Friday, February 4, 2011
RIP Michael Tolan
The cause was heart disease and renal failure, his partner, Donna Peck, said. They lived in Ancram, N.Y.
By the early 1960s Mr. Tolan had had roles in films, like Edwin L. Marin’s western “Fort Worth” (1951), and on Broadway, including big parts in long-running romantic comedies like Peter Ustinov’s “Romanoff and Juliet.” But he was dissatisfied.
“This Broadway is for the birds,” he told The New York Times in 1965. “In 99 percent of the cases it has nothing to do with acting as a craft, as an art.”
So Mr. Tolan began acting in televised plays, which led to roles on weekly series. In 1964 he starred as Dr. Alex Tazinski, a character he called “hard-hitting, uncompromising, somewhat antisocial” on the CBS prime-time medical drama “The Doctors and the Nurses.”
He later starred on the NBC drama “The Senator” (1970-71) and appeared on other shows, including “The Mary Tyler Moore Show,” as Ms. Moore’s journalism teacher and boyfriend, Dan Whitfield.
Mr. Tolan founded the nonprofit American Place Theater with Wynn Handman and Sidney Lanier at St. Clement’s Church on West 46th Street in 1963. The theater has since moved to 9th Avenue between 44th and 45th Streets.
“We wanted to attract some of the writers who wrote fine, intelligent, deep material about American life, and see if we could interest them in writing for the theater,” Mr. Tolan wrote in an unpublished memoir.
The American Place produced first plays by writers like Donald Barthelme and Anne Sexton. Faye Dunaway, Morgan Freeman and other Hollywood stars performed there early in their careers.
Michael Tolan was born Seymour Tuchow on Nov. 27, 1925, in Detroit. He graduated from Wayne State University in 1947 and performed with a repertory company in Detroit. In New York he studied under Stella Adler and won a fellowship to study acting at Stanford University.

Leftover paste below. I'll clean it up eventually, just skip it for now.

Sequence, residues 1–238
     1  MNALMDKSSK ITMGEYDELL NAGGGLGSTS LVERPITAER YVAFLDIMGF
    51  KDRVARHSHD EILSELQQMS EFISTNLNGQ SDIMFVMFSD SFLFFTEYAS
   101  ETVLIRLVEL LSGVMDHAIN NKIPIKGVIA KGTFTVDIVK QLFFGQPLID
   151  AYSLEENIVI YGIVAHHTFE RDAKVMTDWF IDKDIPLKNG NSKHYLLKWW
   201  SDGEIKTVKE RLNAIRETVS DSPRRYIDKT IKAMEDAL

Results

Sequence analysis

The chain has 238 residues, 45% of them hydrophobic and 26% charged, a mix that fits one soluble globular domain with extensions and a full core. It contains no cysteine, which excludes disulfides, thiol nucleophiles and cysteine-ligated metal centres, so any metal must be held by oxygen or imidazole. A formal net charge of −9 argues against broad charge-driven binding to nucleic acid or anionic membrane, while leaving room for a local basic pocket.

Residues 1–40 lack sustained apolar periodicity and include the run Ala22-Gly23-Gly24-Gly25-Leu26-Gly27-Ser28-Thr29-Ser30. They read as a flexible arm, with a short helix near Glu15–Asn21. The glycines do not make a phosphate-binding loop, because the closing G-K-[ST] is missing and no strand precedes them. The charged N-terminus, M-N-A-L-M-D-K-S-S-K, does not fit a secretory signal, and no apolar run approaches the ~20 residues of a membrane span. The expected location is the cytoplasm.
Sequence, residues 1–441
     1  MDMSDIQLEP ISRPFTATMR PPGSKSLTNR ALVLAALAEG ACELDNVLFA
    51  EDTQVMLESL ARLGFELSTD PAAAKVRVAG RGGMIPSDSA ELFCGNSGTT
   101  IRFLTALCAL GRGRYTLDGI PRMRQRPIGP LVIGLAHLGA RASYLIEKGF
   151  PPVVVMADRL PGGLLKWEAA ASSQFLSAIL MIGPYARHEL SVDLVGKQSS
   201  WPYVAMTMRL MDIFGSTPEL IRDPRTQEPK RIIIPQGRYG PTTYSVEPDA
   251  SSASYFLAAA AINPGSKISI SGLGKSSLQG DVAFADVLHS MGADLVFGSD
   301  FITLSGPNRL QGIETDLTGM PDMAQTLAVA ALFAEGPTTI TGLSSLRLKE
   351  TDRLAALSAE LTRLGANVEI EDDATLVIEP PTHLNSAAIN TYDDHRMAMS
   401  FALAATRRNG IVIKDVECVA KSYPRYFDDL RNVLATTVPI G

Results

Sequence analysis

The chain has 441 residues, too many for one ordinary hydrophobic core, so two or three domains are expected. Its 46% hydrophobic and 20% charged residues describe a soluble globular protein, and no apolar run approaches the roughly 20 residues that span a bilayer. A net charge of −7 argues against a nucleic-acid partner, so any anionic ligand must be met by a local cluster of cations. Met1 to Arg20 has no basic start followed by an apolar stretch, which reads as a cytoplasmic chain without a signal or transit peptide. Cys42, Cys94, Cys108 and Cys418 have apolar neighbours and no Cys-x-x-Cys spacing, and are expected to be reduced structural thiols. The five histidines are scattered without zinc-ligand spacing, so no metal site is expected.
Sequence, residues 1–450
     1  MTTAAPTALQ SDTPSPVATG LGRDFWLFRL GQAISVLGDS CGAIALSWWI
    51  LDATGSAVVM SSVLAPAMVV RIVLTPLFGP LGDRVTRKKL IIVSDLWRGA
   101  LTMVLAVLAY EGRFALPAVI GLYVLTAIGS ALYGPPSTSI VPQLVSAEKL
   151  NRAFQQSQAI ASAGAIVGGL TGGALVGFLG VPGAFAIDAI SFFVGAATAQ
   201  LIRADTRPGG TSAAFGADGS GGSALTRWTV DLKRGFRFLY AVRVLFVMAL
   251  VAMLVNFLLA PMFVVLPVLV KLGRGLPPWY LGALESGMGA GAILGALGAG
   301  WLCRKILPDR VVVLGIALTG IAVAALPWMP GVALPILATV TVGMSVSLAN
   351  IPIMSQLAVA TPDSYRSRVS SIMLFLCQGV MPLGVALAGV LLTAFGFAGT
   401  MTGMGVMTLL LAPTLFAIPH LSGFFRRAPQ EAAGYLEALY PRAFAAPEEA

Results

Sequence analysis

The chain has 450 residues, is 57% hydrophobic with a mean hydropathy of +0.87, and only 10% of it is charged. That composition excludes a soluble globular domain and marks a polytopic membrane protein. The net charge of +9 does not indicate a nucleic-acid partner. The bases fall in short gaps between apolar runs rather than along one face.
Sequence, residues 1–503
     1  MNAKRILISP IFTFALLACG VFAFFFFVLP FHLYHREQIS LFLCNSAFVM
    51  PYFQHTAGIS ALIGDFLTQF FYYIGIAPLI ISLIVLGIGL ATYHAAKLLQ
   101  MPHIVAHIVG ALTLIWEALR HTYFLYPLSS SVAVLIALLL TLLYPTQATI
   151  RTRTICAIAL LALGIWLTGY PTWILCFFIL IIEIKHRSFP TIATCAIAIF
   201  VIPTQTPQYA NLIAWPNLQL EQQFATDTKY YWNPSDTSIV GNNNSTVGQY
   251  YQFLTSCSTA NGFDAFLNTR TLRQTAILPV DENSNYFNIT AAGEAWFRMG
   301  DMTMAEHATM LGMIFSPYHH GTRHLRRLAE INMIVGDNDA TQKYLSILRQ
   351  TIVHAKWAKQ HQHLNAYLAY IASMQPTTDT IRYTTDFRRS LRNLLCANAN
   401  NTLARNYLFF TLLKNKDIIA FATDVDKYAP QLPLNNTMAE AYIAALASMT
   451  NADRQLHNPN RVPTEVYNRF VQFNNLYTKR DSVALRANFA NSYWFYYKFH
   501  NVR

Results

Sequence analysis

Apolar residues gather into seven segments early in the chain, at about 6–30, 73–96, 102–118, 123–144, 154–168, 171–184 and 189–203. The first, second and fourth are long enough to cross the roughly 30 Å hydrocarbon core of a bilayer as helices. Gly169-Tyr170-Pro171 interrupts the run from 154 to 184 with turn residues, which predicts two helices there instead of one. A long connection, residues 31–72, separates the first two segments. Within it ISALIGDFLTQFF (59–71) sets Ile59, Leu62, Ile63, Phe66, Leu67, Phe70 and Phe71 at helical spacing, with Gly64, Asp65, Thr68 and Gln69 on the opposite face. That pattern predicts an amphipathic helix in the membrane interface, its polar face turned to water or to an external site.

A performance at Stanford led to his first movie role, as a gangster (under the name Lawrence Tolan, which he later changed) in “The Enforcer” (1951) with Humphrey Bogart.
He made his Broadway debut in George Axelrod’s “Will Success Spoil Rock Hunter?” in 1955, and appeared in five more Broadway plays through 1961. He later had supporting roles in “The Greatest Story Ever Told” (1965) and “Presumed Innocent” (1990), among other films.
His two marriages ended in divorce.
In addition to Ms. Peck, he is survived by a brother, Gerald Tuchow, of Detroit; a daughter, Alexandra, of Watertown, Mass., from his first marriage, to the actress Rosemary Forsyth; and two daughters, Jenny and Emilie, both of New York, from his marriage to Carol Hume.
TOLAN, Michael (Seymour Tichnow)
Born: 11/27/1925, Detroit, Michigan, U.S.A.
Died: 1/31/2011, Hudson, New York, U.S.A.
Michael Tolan's westerns - actor:
Fort Worth - 1951 (Mort Springer)
The Savage - 1952 (Long Mane)
Hour of the Gun - 1967 (Pete Spence)
Nichols (TV) - 1971 (Flying Fox)